Header image of books


This currently fashionable abbreviation stands not for “Player Value Rating” as American football fans might think, nor for the medics’ “Pulmonary Vascular Resistance”, but for “Personal Video Recorder”. Readers in the US may be more familiar with this term than those in Britain or elsewhere, since the US has three types on sale at the moment — TiVo, UltimateTV and ReplayTV — while only TiVo has so far made it to the UK. The concept marries a digital video recorder with a computer and an electronic program guide, downloaded via the telephone, that lets you look 14 days ahead. You choose up to 35 hours of programmes, which are stored on the disk as they are broadcast for you to watch when you like. One key advance over the VCR is that you can browse, replay or skip at will, and watch one programme while another is recording. Some of the systems let you skip the commercials, are capable of learning your viewing habits, and allow you to pause live programmes temporarily while, say, you answer the telephone.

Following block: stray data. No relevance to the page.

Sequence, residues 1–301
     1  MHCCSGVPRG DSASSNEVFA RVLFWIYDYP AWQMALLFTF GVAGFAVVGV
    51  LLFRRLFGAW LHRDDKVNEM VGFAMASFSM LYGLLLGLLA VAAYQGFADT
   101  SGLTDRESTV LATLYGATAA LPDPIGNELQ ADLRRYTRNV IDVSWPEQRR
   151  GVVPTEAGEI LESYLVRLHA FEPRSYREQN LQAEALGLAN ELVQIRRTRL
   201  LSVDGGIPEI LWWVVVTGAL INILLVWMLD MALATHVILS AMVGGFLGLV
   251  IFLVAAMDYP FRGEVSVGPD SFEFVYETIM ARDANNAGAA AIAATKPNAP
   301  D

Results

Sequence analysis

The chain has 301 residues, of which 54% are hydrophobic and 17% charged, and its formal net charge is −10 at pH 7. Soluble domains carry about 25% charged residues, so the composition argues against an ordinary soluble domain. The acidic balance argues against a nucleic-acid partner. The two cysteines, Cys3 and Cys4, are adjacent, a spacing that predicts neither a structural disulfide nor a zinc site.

PVRs are interactive — as they play the selected program they also collect data about viewing habits that advertisers can use to target commercials at specific audiences.

Time International, Mar. 2001

Still, PVRs promise sweeping new powers to this nation of tubers: Save hours wasted watching commercials! Rearrange your viewing schedule without limits! No more messy VCR tapes! There’s always something on TV that you might actually want to watch! This is why PVR fans remain steadfast even after the unit fails to record that crucial episode of their favorite show.

Forbes Magazine, June 2001

Search World Wide Words

Support this website!

Donate via PayPal. Select your currency from the list and click Donate.

Copyright © Michael Quinion, 1996–. All rights reserved.
Page created 23 Jun. 2001

Advice on copyright

The English language is forever changing. New words appear; old ones fall out of use or alter their meanings. World Wide Words tries to record at least a part of this shifting wordscape by featuring new words, word histories, words in the news, and the curiosities of native English speech.

World Wide Words is copyright © Michael Quinion, 1996–. All rights reserved.
This page URL: http://www.worldwidewords.org/turnsofphrase/tp-pvr1.htm
Last modified: 23 June 2001.